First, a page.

Finally get that promotion? Get exclusive content, tips and tools to help you excel.
Implicit bias occurs when individuals make judgments about people based on gender, race or other prohibited factors without even realizing they’re doing it.
Is your employee handbook keeping up with the changing world of work? With SHRM's Employee Handbook Builder get peace of mind that your handbook is up-to-date.
Build competencies, establish credibility and advance your career—while earning PDCs—at SHRM Seminars in 12 cities across the U.S. this spring.
#SHRM18 will expand your perspective – on your organization, on your career, and on the way you approach HR. Join us in Chicago June 17-20, 2018
Bill would prohibit waiver of whistle-blowers’ protections
Members may download one copy of our sample forms and templates for your personal use within your organization. Please note that all such forms and policies should be reviewed by your legal counsel for compliance with applicable law, and should be modified to suit your organization’s culture, industry, and practices. Neither members nor non-members may reproduce such samples in any other way (e.g., to republish in a book or use for a commercial purpose) without SHRM’s permission. To request permission for specific items, click on the “reuse permissions” button on the page where you find the item.
Employer “gag tactics” aimed at silencing whistle-blowers at financial institutions are becoming more common, according to Shanna Devine, legislative director of the Government Accountability Project in Washington, D.C., which supports a bill to prohibit the waiver of whistle-blower rights. The Government Accountability Project is a whistle-blower protection and advocacy organization in the United States.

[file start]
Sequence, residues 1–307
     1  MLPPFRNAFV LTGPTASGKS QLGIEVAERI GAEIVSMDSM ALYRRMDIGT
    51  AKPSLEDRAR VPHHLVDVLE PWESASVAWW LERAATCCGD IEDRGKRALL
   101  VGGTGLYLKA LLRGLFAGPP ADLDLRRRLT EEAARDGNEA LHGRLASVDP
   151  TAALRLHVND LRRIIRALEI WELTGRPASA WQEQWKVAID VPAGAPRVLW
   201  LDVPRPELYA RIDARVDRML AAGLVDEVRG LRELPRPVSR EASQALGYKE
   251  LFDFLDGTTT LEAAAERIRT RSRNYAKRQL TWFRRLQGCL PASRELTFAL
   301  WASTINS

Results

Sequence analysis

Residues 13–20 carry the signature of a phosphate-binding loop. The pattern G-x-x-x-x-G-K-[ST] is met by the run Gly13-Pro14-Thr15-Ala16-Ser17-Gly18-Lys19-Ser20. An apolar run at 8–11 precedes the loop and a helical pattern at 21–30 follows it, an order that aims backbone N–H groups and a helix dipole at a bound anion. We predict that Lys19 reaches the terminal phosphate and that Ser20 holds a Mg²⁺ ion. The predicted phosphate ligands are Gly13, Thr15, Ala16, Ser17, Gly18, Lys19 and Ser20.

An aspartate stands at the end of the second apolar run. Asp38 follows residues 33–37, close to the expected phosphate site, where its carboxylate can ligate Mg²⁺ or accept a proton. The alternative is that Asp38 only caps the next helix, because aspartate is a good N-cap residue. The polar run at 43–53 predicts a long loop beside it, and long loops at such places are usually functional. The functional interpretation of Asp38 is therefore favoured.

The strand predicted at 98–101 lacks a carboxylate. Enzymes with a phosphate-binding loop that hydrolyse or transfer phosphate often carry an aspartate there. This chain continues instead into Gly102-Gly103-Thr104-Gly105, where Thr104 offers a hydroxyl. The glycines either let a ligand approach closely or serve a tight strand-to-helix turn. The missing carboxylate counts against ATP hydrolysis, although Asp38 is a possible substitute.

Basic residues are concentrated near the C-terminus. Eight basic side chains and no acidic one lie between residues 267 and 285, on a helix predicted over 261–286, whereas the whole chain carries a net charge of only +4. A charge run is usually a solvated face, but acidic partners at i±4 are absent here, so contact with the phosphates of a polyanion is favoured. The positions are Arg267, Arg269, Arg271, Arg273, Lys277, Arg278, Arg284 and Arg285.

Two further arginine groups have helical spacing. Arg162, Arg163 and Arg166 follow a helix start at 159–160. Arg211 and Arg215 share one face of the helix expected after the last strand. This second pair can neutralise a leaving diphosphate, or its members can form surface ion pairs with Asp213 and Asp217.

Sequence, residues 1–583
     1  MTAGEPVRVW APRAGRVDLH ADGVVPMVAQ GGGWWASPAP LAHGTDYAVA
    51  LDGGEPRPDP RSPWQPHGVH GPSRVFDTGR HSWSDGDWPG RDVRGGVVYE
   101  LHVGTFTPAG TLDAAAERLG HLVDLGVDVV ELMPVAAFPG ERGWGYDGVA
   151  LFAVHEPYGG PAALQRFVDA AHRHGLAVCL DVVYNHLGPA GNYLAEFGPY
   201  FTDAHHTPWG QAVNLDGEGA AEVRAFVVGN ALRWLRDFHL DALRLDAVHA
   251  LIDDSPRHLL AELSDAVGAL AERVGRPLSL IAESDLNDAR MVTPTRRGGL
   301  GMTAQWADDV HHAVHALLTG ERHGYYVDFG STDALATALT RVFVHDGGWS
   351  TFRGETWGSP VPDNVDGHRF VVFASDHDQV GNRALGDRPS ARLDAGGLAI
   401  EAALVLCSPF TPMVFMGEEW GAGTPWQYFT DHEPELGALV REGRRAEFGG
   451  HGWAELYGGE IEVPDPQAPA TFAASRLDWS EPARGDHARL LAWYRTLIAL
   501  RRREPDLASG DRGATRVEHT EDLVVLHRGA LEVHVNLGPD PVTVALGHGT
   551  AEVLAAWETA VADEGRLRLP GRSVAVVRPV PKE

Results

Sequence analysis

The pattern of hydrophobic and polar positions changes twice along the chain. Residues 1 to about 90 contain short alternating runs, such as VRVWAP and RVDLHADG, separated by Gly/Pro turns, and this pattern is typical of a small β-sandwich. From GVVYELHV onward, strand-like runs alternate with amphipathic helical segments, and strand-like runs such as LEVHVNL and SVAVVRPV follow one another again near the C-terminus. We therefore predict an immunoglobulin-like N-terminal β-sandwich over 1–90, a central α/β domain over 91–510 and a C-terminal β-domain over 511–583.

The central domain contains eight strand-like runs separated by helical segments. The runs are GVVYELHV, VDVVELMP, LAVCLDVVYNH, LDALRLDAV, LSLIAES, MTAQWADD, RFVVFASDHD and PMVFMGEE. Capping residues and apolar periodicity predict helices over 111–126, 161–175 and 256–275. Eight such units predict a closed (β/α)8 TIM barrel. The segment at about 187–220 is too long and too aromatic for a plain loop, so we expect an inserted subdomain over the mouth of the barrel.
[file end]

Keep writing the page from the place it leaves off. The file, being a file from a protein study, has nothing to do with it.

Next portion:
“If we strengthen and empower whistle-blowers in the financial industry, we can do a better job of holding Wall Street accountable,” stated Sen. Tammy Baldwin, D-Wis., sponsor of the bill, when it was introduced on Feb. 25.
However, the bill would afford an “extraordinary” broadening of whistle-blowing protections, according to Phil Berkowitz, an attorney with Littler in New York City.
Berkowitz said that the proposed legislation would prohibit employers from:
The bill goes beyond banning so-called gag provisions.
For the first time, employees of all banks, regardless of whether they are publicly traded, would be able to sue for damages as a result of being retaliated against as whistle-blowers and get double back pay and interest plus attorney fees, Berkowitz said. Currently, only employees of Federal Deposit Insurance Corp.-insured and publicly traded banks can sue as whistle-blowers, he noted.
The bill would pay whistle-blowers up to 30 percent of any financial settlement, Greg Keating, an attorney with Choate, Hall & Stewart in Boston, said. That is similar to a bounty already available to those covered by the Wall Street Reform and Consumer Protection Act (the Dodd-Frank Act). The Dodd-Frank Act created a bounty program within the SEC to encourage people to report securities violations.
“It also expands how much time whistle-blowers have to file their information from 60 to 90 days,” Keating added.
“This bill should send a strong message to employers that now is the time to take action and ensure that they are fully committed to a culture of compliance and transparency,” he said.
In fact, the bill would require the education and training of employees on their rights and remedies under the law, Berkowitz remarked.
Devine told SHRM Online that the bill also would:
Devine said the bill “sends the message to employers that Congress is keeping pace with increasing tactics to silence whistle-blowers.”
However, Berkowitz said it would be “amazing if the bill gets passed. I don’t know if Congress passes anything these days.” The bill would need bipartisan support to clear the Republican-controlled House and Senate, and as of yet does not have any Republican co-sponsors.
Allen Smith, J.D., is the manager of workplace law content for SHRM. Follow him @SHRMlegaleditor.
You have successfully saved this page as a bookmark.
Please confirm that you want to proceed with deleting bookmark.
You have successfully removed bookmark.
Please log in as a SHRM member before saving bookmarks.
Please sign in as a SHRM member before saving bookmarks.
Please purchase a SHRM membership before saving bookmarks.
An error has occurred
Recommended for you
CA Resources at Your Fingertips
SHRM’s HR Vendor Directory contains over 3,200 companies